## Abstract

The main purpose of this chapter is to propose a novel boundary element modeling and simulation algorithm for solving fractional bio-thermomechanical problems in anisotropic soft tissues. The governing equations are studied on the basis of the thermal wave model of bio-heat transfer (TWMBT) and Biot’s theory. These governing equations are solved using the boundary element method (BEM), which is a flexible and effective approach since it deals with more complex shapes of soft tissues and does not need the internal domain to be discretized, also, it has low RAM and CPU usage. The transpose-free quasi-minimal residual (TFQMR) solver are implemented with a dual-threshold incomplete LU factorization technique (ILUT) preconditioner to solve the linear systems arising from BEM. Numerical findings are depicted graphically to illustrate the influence of fractional order parameter on the problem variables and confirm the validity, efficiency and accuracy of the proposed BEM technique.

### Keywords

- boundary element method
- modeling and simulation algorithm
- bio-heat transfer
- fractional bio-thermomechanical problems
- anisotropic soft tissues

## 1. Introduction

Human body is a complex thermal system, Arsene d’Arsonval and Claude Bernard have shown that the temperature difference between arterial blood and venous blood is due to oxygenation of blood [1]. A large number of research papers in bio-heat transfer over the past few decades have focused on an understanding of the impact of blood flow on the temperature distribution within living tissues. Pennes [2] was the first attempt to explain the temperature distribution in human tissue with blood flow effect. The improvement of numerical models for determination of temperature distribution in living tissues has been a topic of interest for numerous researchers. Askarizadeh and Ahmadikia [3] introduced analytical solutions for the transient Fourier and non-Fourier bio-heat transfer equations. Li et al. [4] studied the bio-thermomechanical interactions within the human skin in the context of generalized thermoelasticity.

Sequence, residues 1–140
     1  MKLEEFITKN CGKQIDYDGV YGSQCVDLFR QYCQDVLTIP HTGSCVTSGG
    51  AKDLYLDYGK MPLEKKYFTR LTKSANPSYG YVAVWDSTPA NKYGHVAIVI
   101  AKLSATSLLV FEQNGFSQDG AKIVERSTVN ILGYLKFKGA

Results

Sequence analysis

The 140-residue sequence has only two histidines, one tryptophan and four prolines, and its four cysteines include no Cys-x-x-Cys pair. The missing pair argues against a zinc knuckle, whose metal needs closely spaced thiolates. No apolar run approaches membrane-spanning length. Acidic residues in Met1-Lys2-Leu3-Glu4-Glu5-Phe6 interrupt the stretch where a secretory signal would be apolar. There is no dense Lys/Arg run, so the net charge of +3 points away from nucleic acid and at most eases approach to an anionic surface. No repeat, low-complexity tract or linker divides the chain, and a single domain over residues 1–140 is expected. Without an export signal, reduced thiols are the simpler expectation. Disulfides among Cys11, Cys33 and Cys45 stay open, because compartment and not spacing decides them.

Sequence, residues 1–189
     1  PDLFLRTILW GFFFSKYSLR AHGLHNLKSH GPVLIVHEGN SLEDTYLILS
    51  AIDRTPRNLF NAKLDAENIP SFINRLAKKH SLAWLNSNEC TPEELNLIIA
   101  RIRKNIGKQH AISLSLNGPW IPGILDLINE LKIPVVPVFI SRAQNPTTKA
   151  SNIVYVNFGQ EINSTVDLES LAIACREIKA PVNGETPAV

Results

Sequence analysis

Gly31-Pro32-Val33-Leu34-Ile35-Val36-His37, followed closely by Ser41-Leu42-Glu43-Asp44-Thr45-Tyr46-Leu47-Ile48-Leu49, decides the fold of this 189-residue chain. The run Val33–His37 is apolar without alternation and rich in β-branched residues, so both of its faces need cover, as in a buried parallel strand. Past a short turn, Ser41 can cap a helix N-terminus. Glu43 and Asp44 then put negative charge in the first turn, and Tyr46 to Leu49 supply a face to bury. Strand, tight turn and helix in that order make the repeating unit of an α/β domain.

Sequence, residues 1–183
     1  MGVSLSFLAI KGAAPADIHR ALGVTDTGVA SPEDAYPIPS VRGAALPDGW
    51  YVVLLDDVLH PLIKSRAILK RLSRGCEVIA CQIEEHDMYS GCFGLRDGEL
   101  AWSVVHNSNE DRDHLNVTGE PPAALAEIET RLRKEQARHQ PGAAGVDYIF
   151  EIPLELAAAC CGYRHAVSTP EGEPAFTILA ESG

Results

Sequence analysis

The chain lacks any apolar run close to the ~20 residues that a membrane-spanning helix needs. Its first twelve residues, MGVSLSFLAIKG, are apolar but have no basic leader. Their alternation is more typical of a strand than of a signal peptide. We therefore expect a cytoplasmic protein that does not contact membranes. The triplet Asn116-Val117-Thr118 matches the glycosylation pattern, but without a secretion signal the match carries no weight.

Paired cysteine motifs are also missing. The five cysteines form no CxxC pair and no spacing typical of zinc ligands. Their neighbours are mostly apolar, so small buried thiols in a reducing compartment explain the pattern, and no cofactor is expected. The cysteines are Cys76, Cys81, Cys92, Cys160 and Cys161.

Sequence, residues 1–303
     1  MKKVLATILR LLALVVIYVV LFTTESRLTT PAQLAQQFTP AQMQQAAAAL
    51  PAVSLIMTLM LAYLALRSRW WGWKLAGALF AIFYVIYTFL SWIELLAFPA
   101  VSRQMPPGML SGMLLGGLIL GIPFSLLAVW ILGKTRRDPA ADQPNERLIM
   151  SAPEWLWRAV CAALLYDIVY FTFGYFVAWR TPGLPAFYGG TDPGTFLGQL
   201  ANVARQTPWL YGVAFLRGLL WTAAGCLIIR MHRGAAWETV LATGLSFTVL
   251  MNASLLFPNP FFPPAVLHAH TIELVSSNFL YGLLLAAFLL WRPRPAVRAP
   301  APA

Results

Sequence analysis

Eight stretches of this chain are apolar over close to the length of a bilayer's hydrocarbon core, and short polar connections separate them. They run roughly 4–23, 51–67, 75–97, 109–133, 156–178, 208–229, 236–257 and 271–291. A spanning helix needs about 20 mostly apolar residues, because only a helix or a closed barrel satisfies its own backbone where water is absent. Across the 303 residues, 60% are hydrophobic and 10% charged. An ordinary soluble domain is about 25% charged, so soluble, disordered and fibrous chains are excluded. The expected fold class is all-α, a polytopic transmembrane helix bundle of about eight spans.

Analytical solutions for the current problem [5, 6] are very difficult to obtain, so numerical methods have become the main way for solving these problems [7, 8, 9, 10]. The boundary element method (BEM) [11, 12, 13, 14, 15, 16, 17, 18, 19, 20, 21] is one of the numerical methods used to solve the current general problem [22, 23, 24, 25, 26, 27, 28, 29, 30, 31]. Generally, Laplace-domain fundamental solutions are easier to obtain than time-domain fundamental solutions for engineering and scientific problems [32, 33]. consequently, the BEM is very helpful for problems that did not have time-domain fundamental solutions, because it requires the Laplace-domain fundamental solutions of the problem’s governing equations. So, BEM expands the range of engineering problems that can be solved with the classical time-domain BEM.

The main aim of this chapter is to propose a new boundary element fractional model for describing the bio-thermomechanical properties of anisotropic soft tissues. The dual reciprocity boundary element method has been used to solve the TWMBT for obtaining the temperature distribution, and then the BEM has been used to obtain the displacement and stress at each time step. The linear systems from BEM were solved by the TFQMR solver with the ILUT preconditioner which reduces the number of iterations and the total CPU time.

A brief summary of the chapter is as follows: Section 1 introduces the background and provides the readers with the necessary information to books and articles for a better understanding of bio-thermomechanical problems in anisotropic soft tissues Section 2 describes the BEM modeling of the bio-thermomechanical interactions and introduces the partial differential equations that govern its related problems. Section 3 outlines the dual reciprocity boundary element method (DRBEM) for temperature field. Section 4 discusses the convolution quadrature boundary element method (CQBEM) for poro-elastic field. Section 5 presents the new numerical results that describe the bio-thermomechanical problems in anisotropic soft tissues.